And the woman responsible for the man that became my Father, her hair was like wire, her nails were always painted but always chipped, and she laughed copiously at her own terrible jokes. The makeup she wore accentuated nothing about her, the conversation was often a blade dipped in poison, or an asp waiting to strike. She would try to strike you with words, make you feel less than worthy of her affections. 

Her house was an array of patterns that were dusty, worn and dated. Nothing matched, everything looked and felt old, and the same furniture followed her from London to Eastbourne, Ireland and back again.

It never felt like a home, or a place I would want to stay for too long. Visits were obligatory, until they weren't and I was old enough to say no. When that day did come it felt as if the relationship shifted. I was no longer a kid, and I understood what was being said between the lines, so eventually nothing was said at all, only the niceties. By then it was too late, and when she died, I failed to shed a single tear. There was no love there, she was grandmother by blood. Ironically, my grandmother who I had lost before was not mine by blood, yet that was a loss that was tragic in my life, for she was what a grandmother should be.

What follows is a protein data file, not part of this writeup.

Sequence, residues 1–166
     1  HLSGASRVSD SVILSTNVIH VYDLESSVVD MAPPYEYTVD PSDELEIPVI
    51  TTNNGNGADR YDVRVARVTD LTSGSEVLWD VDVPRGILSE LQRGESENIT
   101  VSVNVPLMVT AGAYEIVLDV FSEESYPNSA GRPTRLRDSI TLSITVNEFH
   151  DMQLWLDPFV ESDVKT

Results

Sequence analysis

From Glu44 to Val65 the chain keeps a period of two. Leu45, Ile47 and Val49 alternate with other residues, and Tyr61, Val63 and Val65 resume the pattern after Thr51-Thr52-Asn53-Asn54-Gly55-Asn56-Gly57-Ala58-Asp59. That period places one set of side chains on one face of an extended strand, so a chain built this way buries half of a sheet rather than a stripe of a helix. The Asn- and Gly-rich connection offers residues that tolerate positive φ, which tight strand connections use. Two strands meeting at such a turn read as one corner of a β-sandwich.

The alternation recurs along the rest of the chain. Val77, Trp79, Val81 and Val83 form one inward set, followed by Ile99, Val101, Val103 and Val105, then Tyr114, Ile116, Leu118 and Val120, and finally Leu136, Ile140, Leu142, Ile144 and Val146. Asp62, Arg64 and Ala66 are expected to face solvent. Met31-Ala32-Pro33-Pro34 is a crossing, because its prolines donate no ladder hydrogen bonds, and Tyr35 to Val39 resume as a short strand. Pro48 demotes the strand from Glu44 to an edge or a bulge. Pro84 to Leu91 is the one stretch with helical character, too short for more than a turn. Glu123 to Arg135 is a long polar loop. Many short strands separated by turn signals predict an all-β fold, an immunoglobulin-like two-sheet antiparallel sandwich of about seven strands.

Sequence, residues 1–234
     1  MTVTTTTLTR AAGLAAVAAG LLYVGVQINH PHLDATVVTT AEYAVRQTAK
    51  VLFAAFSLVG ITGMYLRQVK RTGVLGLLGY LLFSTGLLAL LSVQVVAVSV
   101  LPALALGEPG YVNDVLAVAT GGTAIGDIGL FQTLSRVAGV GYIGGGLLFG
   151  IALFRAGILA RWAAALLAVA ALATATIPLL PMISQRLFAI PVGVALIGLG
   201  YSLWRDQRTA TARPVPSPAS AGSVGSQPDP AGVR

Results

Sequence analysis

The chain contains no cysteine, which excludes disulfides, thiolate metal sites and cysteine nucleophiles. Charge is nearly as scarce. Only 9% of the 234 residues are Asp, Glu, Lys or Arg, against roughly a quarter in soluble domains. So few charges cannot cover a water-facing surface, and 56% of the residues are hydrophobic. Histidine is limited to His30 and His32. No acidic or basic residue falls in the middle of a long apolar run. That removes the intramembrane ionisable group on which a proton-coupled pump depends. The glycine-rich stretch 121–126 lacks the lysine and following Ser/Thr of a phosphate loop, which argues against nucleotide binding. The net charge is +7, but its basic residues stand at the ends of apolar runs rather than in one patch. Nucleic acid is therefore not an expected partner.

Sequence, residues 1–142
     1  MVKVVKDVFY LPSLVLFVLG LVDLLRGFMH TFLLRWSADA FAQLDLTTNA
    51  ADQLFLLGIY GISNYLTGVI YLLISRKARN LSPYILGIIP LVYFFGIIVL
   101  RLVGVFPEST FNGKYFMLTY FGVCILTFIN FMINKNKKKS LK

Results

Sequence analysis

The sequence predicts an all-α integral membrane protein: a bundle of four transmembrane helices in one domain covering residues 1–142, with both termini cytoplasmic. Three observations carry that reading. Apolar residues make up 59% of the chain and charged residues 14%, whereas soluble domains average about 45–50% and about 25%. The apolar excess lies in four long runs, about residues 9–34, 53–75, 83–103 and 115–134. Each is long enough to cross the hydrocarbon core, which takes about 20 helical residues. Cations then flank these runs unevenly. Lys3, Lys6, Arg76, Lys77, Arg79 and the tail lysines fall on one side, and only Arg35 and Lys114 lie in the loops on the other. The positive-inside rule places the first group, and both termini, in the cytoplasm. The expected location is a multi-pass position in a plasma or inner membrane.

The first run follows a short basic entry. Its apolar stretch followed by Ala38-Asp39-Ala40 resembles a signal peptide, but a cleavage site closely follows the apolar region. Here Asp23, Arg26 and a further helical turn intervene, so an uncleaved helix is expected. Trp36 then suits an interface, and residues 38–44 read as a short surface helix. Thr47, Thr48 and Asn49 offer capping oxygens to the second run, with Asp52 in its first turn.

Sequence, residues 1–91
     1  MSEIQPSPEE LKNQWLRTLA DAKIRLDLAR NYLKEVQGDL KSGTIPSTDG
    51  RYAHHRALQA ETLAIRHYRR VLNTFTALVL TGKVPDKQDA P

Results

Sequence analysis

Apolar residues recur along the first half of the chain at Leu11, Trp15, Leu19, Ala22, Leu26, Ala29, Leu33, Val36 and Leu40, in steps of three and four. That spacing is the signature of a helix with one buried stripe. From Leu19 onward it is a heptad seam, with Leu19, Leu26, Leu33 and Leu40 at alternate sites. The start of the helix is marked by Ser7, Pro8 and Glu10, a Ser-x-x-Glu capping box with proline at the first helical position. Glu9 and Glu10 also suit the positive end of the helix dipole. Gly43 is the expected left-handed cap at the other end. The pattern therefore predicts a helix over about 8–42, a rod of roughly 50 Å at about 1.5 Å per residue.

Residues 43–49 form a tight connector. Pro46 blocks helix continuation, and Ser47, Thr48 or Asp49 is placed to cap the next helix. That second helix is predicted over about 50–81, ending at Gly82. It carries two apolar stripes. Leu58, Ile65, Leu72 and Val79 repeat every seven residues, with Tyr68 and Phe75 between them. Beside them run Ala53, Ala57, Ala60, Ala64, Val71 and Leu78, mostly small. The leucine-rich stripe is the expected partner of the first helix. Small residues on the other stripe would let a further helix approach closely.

I feel grateful to have experienced both ends of the spectrum. To my father's mother, I was the daughter of a woman who was never good enough for her son. That animosity ricocheted down to her children; we bore its brunt. But the love we felt from my motherís adoptive parents, shows that just because a person's blood courses through your veins, does not give them the right to your affections.